(C) Nicolas Comte
Research

WEF Nexus Research // Engaging Stakeholders in Research to address Water–Energy–Food (WEF) Nexus Challenges

By A. Larkin, C. McLachlan, R. Falconer, I. Soutar, J. Suckling, L. Varga, I. Haltas, A. Druckman, D. Lumbroso, M. Scott, D. Gilmour, R. Ledbetter, S. McGrane, C. Mitchell, D. Yu. This paper reflects on recent progress in stakeholder engagement in nexus-related research. The authors outline four emerging themes within nexus research and consider the value of, and potential challenges for, transdisciplinary research in each. Specifically, the authors examine how transdisciplinary approaches are used in assessing and visualising nexus issues; understanding governance and building capacity; accounting for multi and inter-scalar relationships; and exploring the implications of future social, technological and climatic change.

The water–energy–food (WEF) nexus has become a popular, and potentially powerful, frame through which to analyse interactions and interdependencies between these three systems. Though the case for transdisciplinary research in this space has been made, the extent of stakeholder engagement in research remains limited with stakeholders most commonly incorporated in research as end-users. Yet, stakeholders interact with nexus issues in a variety of ways, consequently there is much that collaboration might offer to develop nexus research and enhance its application.

This paper outlines four aspects of nexus research and considers the value and potential challenges for transdisciplinary research in each. We focus on assessing and visualising nexus systems; understanding governance and capacity building; the importance of scale; and the implications of future change. The paper then proceeds to describe a novel mixed-method study that deeply integrates stakeholder knowledge with insights from multiple disciplines. We argue that mixed-method research designs—in this case orientated around a number of cases studies—are best suited to understanding and addressing real-world nexus challenges, with their inevitable complex, non-linear system characteristics. Moreover, integrating multiple forms of knowledge in the manner described in this paper enables research to assess the potential for, and processes of, scaling-up innovations in the nexus space, to contribute insights to policy and decision making.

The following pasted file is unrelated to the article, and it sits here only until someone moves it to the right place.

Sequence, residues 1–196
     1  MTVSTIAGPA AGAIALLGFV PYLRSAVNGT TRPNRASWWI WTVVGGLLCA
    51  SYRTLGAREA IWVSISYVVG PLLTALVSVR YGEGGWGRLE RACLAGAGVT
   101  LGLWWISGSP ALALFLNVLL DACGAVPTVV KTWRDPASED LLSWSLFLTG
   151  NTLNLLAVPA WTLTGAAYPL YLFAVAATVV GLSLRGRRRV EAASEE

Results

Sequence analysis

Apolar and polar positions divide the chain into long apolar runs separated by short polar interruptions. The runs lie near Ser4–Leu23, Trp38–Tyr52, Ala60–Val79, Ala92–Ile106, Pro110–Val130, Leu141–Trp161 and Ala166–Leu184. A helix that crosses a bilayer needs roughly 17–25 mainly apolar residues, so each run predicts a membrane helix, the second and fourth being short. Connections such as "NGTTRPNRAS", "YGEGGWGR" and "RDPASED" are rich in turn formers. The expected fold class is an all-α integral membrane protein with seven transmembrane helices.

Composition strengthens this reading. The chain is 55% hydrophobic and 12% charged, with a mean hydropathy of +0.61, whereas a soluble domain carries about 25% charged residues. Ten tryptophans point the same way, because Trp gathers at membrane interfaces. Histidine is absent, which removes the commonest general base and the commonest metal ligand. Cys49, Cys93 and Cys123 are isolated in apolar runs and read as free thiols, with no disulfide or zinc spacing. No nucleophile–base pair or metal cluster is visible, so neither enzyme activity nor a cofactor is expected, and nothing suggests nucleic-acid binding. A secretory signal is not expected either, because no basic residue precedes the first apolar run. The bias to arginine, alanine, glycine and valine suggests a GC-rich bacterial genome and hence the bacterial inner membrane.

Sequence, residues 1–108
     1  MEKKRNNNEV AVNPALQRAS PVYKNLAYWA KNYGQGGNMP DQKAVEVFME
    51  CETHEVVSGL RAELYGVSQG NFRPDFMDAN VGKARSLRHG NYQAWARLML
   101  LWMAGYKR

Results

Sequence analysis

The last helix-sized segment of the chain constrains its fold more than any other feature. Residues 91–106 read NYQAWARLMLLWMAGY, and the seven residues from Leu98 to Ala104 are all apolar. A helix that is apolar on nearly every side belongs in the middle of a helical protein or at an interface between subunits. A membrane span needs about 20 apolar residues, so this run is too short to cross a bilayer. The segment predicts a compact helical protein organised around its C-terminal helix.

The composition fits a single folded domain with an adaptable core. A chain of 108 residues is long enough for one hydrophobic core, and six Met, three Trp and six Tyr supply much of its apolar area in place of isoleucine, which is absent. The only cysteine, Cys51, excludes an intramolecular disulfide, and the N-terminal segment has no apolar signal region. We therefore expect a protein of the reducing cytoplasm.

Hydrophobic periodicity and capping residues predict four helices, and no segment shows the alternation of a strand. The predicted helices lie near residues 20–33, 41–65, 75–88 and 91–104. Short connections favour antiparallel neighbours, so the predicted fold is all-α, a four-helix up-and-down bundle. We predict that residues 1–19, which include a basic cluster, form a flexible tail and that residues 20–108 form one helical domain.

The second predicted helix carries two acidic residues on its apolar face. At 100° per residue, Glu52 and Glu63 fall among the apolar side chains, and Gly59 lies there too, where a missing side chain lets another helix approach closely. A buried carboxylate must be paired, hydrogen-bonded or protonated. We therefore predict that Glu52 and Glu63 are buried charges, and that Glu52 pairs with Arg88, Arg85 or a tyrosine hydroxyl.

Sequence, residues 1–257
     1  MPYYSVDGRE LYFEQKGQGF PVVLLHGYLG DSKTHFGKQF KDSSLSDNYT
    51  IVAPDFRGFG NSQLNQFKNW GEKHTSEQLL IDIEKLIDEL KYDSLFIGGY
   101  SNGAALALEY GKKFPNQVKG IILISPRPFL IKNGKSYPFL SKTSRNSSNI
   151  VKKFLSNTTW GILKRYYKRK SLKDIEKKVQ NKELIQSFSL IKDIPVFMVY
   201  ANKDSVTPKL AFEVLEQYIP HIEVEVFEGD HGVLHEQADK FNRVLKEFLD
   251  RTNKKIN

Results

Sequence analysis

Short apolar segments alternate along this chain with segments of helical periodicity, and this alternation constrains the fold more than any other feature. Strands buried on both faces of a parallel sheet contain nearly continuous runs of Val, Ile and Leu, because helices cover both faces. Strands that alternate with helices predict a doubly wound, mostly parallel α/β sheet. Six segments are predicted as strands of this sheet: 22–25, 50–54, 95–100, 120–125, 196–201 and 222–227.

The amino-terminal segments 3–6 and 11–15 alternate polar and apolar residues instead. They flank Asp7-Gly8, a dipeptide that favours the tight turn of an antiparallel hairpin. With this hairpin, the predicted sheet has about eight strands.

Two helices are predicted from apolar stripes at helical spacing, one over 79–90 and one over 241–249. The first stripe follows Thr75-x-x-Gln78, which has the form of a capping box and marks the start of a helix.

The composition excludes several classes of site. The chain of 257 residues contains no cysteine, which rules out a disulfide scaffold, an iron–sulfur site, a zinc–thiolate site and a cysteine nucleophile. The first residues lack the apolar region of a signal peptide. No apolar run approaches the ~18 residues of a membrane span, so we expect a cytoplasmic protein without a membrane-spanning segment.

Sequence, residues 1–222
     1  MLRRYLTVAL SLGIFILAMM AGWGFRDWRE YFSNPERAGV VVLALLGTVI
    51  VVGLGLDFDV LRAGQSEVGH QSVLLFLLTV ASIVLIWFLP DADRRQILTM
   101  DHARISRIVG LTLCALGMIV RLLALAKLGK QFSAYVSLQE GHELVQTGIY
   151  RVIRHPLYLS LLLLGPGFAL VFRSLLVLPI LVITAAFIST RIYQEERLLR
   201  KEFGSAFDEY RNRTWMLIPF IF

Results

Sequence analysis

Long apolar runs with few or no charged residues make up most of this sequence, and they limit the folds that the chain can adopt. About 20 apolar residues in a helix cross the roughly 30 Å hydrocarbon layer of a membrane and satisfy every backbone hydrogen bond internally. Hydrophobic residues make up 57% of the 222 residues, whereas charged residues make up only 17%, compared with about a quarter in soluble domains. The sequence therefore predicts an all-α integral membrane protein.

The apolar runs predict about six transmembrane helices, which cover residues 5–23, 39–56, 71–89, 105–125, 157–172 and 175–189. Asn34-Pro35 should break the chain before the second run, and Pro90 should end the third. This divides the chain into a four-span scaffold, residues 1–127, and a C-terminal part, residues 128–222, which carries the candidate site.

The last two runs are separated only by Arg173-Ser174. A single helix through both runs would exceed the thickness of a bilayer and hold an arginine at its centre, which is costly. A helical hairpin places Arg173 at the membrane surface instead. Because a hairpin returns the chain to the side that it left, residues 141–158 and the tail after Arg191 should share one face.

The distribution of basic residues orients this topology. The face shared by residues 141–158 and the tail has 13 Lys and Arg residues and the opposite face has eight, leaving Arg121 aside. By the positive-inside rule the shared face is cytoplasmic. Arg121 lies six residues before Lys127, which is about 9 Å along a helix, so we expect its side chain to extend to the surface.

Published

September 2018

In

Sustainability Science, Volume 13, Issue 5, pp 1415–1426

Download

Springer (open access)

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Capacity Building

Publication // A 40-year review of food–energy–water nexus literature and its application to the urban scale

By Newell, J. P., Goldstein, B., & Foster, A. (2019). What research exists to date on the FEW nexus? How have scholars conceptualized these interactions at the urban scale? What are some promising approaches? Where are the research gaps? To answer these questions, this paper conducts a quantitative review of the academic literature on the FEW nexus (1399 publications) over more than four decades (1973–2017), followed by in-depth analysis of the most influential papers using an evaluation matrix...

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Governance

Policy Brief // Introducing Societal Metabolism Analysis via ‘MuSIASEM'

By Kerry A. Waylen, Kirsty L. Blackstock, Keith B. Matthews, Mario Giampietro. This paper introduces the Societal Metabolism Analysis, which is at the heart of the MAGIC project. It offers a way to characterise patterns of consumption and production associated with the metabolic patterns of different systems, thus enabling analysts to look across sectors and scales. It was developed by "MAGIC Nexus", a project by the European Union's Horizon2020 research and innovation program.

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Climate Change

Publication // The environmental footprint of transport by car using renewable energy

Holmatov, B. & Hoekstra, A.Y. (2020). This paper compares and contrast carbon, land and water footprints per driven km in midsize cars utilizing conventional gasoline, biofuels, bioelectricity, solar electricity and solar‐based hydrogen.

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